The science of sustained learning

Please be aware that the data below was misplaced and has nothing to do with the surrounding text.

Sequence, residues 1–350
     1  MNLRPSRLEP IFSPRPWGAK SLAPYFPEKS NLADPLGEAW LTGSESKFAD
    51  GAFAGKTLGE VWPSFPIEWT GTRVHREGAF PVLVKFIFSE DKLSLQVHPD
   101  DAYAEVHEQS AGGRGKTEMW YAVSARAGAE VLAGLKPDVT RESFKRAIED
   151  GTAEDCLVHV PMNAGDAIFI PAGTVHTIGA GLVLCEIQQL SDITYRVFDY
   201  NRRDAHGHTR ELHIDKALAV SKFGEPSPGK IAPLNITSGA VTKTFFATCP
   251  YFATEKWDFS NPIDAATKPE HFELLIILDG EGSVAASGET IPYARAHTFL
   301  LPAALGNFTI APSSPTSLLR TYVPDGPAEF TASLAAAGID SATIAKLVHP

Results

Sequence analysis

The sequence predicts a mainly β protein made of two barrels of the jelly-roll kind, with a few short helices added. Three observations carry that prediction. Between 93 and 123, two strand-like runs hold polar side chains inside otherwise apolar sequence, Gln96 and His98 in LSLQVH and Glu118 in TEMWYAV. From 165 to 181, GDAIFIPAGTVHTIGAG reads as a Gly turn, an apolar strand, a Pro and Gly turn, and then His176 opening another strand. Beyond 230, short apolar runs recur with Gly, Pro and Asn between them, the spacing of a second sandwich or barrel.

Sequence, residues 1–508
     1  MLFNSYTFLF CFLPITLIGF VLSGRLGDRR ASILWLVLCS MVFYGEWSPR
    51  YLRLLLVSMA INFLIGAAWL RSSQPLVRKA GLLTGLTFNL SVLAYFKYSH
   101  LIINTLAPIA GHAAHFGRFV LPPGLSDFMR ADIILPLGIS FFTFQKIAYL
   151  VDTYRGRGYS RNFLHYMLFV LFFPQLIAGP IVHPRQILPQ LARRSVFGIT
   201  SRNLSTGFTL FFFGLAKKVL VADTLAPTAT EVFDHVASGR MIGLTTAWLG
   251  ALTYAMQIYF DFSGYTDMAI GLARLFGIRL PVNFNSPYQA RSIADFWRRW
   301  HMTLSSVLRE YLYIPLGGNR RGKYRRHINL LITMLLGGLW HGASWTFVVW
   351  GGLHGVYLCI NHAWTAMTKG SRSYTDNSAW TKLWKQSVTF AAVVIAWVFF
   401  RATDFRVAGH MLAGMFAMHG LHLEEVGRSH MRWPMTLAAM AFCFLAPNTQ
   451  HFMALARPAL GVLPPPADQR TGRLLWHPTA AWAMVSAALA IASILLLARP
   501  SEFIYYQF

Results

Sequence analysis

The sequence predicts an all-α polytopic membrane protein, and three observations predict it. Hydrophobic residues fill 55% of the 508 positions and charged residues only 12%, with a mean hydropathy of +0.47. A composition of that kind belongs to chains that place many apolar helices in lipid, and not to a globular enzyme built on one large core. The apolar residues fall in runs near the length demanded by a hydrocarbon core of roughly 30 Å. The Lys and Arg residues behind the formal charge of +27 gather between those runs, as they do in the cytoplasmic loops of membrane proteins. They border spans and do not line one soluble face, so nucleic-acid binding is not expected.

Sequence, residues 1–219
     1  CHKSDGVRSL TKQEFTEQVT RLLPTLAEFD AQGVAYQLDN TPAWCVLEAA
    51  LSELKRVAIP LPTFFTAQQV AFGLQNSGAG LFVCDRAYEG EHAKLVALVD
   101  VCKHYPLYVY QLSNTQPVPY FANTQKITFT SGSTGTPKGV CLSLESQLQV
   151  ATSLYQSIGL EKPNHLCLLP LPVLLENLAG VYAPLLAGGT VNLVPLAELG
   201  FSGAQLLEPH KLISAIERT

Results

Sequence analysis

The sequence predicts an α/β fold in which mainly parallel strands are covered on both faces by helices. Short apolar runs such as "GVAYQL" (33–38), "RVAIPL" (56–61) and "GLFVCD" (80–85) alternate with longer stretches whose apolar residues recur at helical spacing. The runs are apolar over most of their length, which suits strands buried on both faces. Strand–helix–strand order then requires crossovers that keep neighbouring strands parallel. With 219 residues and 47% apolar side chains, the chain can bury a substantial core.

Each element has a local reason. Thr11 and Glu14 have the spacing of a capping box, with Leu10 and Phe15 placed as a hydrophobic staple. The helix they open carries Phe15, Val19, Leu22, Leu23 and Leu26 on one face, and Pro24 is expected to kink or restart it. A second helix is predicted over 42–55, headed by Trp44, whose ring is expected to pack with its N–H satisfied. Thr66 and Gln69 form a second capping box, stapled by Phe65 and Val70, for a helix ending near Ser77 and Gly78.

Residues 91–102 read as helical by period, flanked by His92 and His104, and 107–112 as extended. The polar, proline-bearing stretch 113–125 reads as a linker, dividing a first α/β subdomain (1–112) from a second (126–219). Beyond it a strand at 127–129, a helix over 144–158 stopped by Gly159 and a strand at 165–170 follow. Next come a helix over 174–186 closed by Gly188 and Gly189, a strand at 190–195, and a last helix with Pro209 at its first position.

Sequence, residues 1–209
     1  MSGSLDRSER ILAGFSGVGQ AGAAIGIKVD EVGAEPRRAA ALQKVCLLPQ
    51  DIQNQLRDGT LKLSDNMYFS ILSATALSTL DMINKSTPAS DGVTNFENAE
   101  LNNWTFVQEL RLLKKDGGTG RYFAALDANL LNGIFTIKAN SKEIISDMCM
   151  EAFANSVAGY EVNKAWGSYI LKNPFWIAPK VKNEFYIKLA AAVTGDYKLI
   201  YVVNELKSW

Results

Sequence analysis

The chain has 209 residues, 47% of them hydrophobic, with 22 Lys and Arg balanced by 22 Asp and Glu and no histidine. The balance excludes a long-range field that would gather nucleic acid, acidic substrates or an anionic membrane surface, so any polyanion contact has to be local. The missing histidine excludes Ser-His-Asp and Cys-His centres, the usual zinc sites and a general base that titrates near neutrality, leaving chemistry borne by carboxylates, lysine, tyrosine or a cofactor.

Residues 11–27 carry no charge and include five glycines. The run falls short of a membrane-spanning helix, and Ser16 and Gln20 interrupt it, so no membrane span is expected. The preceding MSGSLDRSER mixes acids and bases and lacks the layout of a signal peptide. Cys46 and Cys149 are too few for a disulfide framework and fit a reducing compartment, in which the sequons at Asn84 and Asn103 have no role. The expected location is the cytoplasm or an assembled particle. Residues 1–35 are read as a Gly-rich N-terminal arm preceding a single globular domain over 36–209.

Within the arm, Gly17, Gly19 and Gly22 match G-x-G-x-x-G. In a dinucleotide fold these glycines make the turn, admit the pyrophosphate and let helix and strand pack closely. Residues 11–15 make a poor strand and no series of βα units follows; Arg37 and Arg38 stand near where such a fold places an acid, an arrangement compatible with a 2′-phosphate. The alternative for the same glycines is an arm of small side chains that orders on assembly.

By William Seidman All learning is the wiring or rewiring of neurons in the brain. Behaviors and attitudes are formed by frequent, consistent and conscious practice over time. Eventually, the new neural connections and patterns overtake and displace the old ones and the learner thinks and behaves in new ways. Neuroscience has shown that frequent repetition of a key concept, attitude or behavior causes neurons to fire together which wires them together. This consistent firing of new neurons and their wiring together in the brain provides the basis for long-term storage of new ideas. Researchers call the brain’s ability to wire and rewire “neuroplasticity.” Other neural factors also affect our ability to learn. Positive images cause the release of dopamine that generates a sense of well-being and an openness to learning. Negative images stimulate the release of cortisol and the “fear” portions of the brain that cause resistance to learning. People also resist learning when they’re given too much information too fast or too little too slowly. This is because short-term memory and the pre-frontal cortex have limited information processing ability. Trying to learn too much information too fast overloads processing. Too little information presented too slowly is boring. In addition, research has shown that an individual participating in a group learning process learns differently and in some ways more efficiently than he does in isolation. In a group setting, there is a release of neural transmitters that doesn’t happen in isolation. When positive images are created and things are practiced consciously in a group setting, with full awareness of the barriers to learning, learning becomes much more effective and efficient.  ]]>

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